Fast-froward, of course, five months. That was back in February, and we are now seeing a second revolution of sorts, at least in Tahrir Square. People are angry at the slow pace of reforms, accusing interim military rulers of sabotaging their ideals of their uprising.

Protesters began be this sit-in on Friday and say that they will stay until their demands are met. The government has recently made some big changes, including delaying September elections by a month or two. That may sound like a setback for the democratic process, but many protesters actually support a delay to give new political parties time to organize.

Another big change in the country, the overhaul of a hated police force. Hundreds of high-ranking officers have been sacked. But interim leaders still have to figure out how to handle a soaring crime rate, a consequence of the security vacuum, as it were, after the revolution.

Well, as Fred Pleitgen now reports, some residents aren't waiting for help. They are taking matters into their own hands.


FREDERIK PLEITGEN, CNN CORRESPONDENT (voice-over): In this rough Cairo neighborhood, a place the police almost never go, we find the weapons that are flooding Egypt's streets. Cheap, homemade guns, simple, lethal, and in high demand as security has deteriorated in the revolutionary turmoil.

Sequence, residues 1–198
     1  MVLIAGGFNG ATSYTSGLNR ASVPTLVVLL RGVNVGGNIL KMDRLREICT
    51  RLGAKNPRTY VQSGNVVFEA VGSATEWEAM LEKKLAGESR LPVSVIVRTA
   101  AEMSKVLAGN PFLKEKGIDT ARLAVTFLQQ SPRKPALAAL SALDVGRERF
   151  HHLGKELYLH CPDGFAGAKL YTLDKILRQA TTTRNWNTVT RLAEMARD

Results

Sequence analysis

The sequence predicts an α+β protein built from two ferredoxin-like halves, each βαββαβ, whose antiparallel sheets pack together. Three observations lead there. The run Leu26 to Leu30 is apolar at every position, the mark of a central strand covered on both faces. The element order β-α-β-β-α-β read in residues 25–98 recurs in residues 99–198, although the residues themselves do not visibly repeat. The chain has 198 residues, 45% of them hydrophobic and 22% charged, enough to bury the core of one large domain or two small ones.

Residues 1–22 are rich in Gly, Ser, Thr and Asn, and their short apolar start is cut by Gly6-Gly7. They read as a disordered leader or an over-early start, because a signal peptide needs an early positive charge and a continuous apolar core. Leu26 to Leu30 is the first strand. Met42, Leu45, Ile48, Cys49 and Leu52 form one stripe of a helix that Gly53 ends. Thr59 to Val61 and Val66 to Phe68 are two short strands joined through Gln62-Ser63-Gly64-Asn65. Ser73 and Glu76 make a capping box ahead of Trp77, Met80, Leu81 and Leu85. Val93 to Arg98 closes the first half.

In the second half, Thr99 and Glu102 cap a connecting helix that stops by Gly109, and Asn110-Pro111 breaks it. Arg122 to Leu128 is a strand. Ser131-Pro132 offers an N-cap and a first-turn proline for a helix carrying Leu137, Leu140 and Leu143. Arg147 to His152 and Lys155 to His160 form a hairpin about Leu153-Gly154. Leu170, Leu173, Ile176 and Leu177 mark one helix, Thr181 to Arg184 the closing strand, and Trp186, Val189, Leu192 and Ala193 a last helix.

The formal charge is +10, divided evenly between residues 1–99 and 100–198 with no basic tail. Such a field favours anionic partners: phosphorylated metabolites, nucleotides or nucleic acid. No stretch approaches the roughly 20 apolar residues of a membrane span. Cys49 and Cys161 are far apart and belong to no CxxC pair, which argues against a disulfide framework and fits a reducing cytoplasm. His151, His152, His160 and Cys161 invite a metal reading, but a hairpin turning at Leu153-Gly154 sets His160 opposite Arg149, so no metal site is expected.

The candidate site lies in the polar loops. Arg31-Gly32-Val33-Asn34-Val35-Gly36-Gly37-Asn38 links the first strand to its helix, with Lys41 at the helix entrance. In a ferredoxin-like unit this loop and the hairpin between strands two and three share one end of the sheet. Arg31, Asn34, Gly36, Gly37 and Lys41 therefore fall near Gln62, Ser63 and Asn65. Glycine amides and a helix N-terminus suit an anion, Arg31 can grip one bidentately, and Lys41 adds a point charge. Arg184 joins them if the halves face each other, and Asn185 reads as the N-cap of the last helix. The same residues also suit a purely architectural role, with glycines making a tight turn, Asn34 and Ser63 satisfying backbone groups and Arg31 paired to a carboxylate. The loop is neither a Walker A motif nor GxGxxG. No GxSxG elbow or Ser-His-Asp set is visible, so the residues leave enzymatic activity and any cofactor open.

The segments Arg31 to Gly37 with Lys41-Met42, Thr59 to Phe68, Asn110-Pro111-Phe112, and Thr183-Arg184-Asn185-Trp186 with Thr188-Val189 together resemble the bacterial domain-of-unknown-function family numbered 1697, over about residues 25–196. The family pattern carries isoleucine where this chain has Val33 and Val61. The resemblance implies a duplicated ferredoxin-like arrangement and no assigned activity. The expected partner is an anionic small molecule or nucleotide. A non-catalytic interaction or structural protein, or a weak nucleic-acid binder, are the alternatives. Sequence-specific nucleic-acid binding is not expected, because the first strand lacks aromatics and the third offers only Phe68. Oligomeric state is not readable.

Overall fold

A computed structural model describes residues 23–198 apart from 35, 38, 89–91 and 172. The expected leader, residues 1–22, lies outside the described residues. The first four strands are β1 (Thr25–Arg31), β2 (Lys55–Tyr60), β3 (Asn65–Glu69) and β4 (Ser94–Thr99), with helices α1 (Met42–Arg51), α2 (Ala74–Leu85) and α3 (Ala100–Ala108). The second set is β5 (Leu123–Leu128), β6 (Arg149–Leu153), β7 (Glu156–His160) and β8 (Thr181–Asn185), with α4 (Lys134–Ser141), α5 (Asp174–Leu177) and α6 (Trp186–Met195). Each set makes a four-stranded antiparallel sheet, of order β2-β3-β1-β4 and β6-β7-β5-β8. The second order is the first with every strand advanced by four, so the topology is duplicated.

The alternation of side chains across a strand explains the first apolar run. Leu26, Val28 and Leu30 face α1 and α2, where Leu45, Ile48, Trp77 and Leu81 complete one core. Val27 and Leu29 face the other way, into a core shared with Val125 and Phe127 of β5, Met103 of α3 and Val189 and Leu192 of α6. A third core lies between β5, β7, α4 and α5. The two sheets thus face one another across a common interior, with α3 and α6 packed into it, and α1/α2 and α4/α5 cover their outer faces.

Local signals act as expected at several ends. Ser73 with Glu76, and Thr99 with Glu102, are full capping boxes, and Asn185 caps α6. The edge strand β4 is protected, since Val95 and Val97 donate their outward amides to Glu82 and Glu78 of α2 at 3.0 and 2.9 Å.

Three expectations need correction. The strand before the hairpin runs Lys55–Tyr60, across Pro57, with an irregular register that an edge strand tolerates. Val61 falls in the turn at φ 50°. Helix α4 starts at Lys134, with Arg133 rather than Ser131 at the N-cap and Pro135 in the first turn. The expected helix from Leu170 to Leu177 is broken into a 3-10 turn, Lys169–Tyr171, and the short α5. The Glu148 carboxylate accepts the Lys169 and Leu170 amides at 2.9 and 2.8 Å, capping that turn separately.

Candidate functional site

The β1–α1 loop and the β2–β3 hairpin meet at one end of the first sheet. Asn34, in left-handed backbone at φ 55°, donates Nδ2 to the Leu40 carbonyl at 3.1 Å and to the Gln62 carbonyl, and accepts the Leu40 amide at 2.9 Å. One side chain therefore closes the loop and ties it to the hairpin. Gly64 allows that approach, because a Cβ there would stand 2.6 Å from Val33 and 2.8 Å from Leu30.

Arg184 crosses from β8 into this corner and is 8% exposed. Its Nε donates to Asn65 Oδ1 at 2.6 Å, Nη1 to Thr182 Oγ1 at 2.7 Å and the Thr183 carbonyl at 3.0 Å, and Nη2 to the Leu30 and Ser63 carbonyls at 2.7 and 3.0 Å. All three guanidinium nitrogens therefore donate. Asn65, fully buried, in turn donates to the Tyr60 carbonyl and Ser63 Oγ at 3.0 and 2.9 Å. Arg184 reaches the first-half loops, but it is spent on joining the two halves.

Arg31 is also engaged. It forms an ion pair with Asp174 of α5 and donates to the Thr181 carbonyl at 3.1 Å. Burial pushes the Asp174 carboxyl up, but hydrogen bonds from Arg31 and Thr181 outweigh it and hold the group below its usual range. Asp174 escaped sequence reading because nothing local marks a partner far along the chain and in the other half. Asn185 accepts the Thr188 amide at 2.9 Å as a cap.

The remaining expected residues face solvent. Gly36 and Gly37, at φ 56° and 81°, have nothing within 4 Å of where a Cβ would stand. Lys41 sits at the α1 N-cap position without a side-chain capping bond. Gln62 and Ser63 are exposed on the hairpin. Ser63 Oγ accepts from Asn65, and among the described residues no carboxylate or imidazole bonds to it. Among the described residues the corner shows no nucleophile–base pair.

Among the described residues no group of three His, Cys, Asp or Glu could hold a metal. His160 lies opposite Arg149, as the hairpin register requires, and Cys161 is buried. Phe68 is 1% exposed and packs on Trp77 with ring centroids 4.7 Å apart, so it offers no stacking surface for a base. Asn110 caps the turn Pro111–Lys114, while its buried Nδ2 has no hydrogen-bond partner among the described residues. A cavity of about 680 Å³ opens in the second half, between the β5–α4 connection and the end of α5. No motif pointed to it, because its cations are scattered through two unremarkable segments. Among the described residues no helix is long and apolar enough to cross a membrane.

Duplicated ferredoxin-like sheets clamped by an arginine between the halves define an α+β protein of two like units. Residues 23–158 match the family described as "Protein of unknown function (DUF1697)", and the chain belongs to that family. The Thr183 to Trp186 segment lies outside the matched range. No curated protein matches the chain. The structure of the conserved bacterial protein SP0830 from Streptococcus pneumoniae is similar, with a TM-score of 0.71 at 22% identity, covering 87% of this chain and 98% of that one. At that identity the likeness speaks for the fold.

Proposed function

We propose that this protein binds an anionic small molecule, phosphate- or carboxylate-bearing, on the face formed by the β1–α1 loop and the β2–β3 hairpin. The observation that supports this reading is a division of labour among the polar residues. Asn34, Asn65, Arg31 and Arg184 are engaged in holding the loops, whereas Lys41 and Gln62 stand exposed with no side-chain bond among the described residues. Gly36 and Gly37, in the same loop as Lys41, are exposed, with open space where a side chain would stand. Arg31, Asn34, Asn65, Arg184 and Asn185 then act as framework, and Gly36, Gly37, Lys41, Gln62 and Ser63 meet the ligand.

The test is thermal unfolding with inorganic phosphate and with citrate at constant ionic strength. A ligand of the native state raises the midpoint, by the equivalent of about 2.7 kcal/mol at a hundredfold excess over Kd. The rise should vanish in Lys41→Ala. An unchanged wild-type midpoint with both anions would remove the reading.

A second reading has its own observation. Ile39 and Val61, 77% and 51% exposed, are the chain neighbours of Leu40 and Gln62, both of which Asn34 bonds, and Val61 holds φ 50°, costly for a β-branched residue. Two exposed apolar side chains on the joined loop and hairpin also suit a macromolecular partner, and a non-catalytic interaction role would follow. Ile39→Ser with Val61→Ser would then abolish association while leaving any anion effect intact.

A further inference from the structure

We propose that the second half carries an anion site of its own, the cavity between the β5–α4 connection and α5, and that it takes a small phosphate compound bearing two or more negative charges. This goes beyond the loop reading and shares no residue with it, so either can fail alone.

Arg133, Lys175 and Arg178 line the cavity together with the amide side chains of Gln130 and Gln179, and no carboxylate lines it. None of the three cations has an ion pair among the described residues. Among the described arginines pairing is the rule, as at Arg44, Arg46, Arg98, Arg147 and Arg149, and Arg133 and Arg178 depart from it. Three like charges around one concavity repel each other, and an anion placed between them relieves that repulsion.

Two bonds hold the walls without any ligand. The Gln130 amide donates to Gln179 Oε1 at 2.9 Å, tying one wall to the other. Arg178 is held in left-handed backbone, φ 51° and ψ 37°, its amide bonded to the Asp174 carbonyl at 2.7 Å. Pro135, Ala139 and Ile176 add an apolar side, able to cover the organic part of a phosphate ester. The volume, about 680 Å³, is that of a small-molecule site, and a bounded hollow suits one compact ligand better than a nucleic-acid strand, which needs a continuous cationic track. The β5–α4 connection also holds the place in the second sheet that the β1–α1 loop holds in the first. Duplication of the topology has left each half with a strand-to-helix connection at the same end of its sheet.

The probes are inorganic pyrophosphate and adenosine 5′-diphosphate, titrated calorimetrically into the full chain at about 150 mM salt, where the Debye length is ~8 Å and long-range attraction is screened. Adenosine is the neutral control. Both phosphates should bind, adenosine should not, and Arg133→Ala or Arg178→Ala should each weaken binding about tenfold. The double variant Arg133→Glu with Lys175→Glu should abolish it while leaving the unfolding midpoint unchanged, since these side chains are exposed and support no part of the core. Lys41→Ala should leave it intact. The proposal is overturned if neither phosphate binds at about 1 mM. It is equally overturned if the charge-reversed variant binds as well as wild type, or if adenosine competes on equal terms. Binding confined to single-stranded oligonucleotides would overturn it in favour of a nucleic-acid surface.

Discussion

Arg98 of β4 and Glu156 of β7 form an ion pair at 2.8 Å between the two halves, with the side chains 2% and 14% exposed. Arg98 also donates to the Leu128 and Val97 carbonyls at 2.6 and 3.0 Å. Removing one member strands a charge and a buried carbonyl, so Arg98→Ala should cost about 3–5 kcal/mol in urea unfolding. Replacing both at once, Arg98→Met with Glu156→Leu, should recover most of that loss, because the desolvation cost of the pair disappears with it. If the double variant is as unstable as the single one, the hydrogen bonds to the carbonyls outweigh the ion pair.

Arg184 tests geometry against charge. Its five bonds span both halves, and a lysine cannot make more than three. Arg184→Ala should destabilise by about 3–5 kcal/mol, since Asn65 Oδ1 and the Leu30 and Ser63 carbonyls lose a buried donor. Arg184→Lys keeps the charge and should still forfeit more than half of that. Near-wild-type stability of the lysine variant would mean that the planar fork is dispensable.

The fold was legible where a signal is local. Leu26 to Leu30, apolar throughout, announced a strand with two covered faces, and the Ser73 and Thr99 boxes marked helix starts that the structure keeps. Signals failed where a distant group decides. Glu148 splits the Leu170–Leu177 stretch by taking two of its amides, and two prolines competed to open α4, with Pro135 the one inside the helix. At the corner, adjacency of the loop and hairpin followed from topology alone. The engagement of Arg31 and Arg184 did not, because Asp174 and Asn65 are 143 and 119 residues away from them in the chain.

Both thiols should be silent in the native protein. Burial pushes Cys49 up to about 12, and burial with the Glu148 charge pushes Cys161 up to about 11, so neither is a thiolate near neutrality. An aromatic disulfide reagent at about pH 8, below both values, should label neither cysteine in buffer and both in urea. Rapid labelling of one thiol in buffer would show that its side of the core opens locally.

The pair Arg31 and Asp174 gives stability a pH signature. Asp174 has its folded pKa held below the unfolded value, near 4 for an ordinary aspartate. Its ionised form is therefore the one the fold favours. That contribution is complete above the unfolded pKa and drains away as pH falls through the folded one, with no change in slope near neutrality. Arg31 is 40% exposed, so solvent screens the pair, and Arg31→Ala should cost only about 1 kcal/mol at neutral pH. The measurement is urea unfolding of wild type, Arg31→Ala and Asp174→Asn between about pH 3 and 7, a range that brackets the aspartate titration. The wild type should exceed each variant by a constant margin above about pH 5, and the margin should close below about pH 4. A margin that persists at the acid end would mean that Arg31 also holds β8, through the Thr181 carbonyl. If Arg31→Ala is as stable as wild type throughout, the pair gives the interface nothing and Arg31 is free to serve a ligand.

Khalid Hussein has three pistols for community defense, he says.

KHALID HUSSEIN, ENREPRENEUR (through translator): "Before the revolution, a weapon cost about $50," he says. "But after that, it went up to about $150 because there were so many robberies and other crimes."

PLEITGEN (on camera): So, as you can see, these guns are very rudimentary. They're basically a single barrel, a trigger, and a hammer. And they take these single shotgun rounds.

PLEITGEN (voice-over): Even Khalid's kids are handy with the steel.

He runs a thriving recycling business here and assures us he would only use the guns to protect his neighborhood.

But since Egypt's revolution, the role of the police force, perceived by most as brutal, corrupt, and incompetent, has been greatly diminished. Crime has skyrocketed.

Citizens formed community militias to defend their property during the uprising, and many, like Saeed Ata, are still taking security into their own hands. Saeed owns several major electronic stores in Cairo and says he keeps guns in all of them.

SAEED ATA, SAEED ELECTRONICS: Lots of trouble on the streets. Some stores were robbed. Lots of stuff was taken, money. They even had trucks to carry the goods.

PLEITGEN: Authorities say they are trying to tackle the problem but, so far, there is little improvement. That's good for this man, who calls himself "Khanofa." He broke out of prison during the uprising, where he was serving time for drug trafficking, a crime he says he didn't commit.

Since the revolution, he says the cops can't touch him in this neighborhood.

"KHANOFA," FUGITIVE (through translator): "It's great," he says. "I feel very safe here among my cousins and the people of this neighborhood."